Family[edit]

Rebecca Lard married Samuel on February 12, 1801 in Woodstock, Vermont and had four children.[12] She continued to teach, being her chief occupation there.[11][13] About 1807 Samuel moved the Lard family to Hancock, Vermont, and from there to Cherry Valley, New York, where her brother was living at that time. From there, Samuel decided to migrate to Indiana.[12]

Lard refused to join him, taking her children back to Vermont to be with her own family, instead.[12] Marcus Davis Gilman said of her, "Her life struggle appears to have been a severe one, having a family of four children dependent upon her for support from their childhood, but bravely did she triumph over all obstacles".[11]

Samuel Lard filed land entry papers in 1815 for 160 acres in Montgomery Township, Jennings County, Indiana. Their son, Samuel Jr., joined his father in 1817. They made a permanent home there on Graham Creek. In 1819, Samuel Jr. returned to convince his mother to bring the family west.[12]

Poetry[edit]

The power that form’d the hills and spread the plain
And bade the rivers roll towards the main
By the same fiat gave this clime to rise
And bloom in splendour ‘neath the western skies
Crown’d with his richest gifts this favour’d land'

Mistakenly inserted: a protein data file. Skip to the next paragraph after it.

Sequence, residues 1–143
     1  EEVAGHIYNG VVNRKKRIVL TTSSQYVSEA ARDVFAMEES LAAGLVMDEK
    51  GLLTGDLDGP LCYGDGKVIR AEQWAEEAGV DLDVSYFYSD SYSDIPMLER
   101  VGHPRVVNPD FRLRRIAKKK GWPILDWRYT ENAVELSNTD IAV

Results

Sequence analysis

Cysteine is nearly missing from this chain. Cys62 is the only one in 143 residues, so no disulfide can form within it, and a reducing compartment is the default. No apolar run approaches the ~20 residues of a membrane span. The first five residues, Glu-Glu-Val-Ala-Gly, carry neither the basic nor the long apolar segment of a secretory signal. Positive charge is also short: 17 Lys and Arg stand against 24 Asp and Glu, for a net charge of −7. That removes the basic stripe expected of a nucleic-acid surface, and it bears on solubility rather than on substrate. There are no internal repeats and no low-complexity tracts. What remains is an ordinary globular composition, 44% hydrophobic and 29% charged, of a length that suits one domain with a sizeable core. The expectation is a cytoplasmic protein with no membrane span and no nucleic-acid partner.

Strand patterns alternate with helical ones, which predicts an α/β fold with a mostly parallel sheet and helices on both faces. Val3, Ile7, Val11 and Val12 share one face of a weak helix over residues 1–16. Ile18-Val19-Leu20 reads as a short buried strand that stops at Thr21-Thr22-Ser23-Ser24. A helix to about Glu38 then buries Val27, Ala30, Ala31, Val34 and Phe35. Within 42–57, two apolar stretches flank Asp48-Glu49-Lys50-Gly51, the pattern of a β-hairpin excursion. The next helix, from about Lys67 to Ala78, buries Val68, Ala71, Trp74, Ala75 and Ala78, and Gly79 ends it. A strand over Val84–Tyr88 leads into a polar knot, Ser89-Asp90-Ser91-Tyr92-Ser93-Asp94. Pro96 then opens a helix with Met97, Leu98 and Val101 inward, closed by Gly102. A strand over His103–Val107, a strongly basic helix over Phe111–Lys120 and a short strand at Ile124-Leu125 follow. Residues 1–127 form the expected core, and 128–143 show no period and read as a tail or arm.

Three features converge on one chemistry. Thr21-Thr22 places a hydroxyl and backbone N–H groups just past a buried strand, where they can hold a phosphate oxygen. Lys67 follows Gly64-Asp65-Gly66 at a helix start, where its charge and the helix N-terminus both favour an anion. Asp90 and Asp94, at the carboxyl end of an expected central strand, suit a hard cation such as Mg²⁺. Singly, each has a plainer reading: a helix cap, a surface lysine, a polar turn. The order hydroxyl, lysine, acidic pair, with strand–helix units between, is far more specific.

And pour’d his bounties with unsparing hand

Then beasts of prey here found a resting place
And savage men delighted in the chase.
No cultering hand improv’d the fertile soil
But herbs and flowers in wild confusion lay
And trees umbrageous veil’d the noontide ray.

from "On the Banks of the Ohio." [3]

Lard's first collection of 143 pages of poetry, Miscellaneous Poems by a Lady, was first published by David Watson of Woodstock in 1820 as Miscellaneous Poems on Moral and Religious Subjects by a Lady.[13] She dedicated this work to her brother, Jabez Delano Hammond.[11] In these poems, Lard talks about beauty, death, and feeling by comparing them to phenomena in nature.[3]

Lard's twelve-page poem, On the Banks of the Ohio, was published in 1823 as a booklet and was featured widely by many magazines and papers.[2][11][13] This is recorded as Indiana's first published poetry.[1] In this poem, Lard talks about the area's landscape and the beauty of undisturbed nature. She also describes the native people as dangerous.[3]

An old edition of Lard's five-page volume of verse is maintained in the collection of the Historical and Philosophical Society of Ohio, Cincinnati, and an undated clipping of the Cincinnati Gazette identifies the work as that of Mrs. Lard, "a lady of Indiana".[2]

Divorce and death[edit]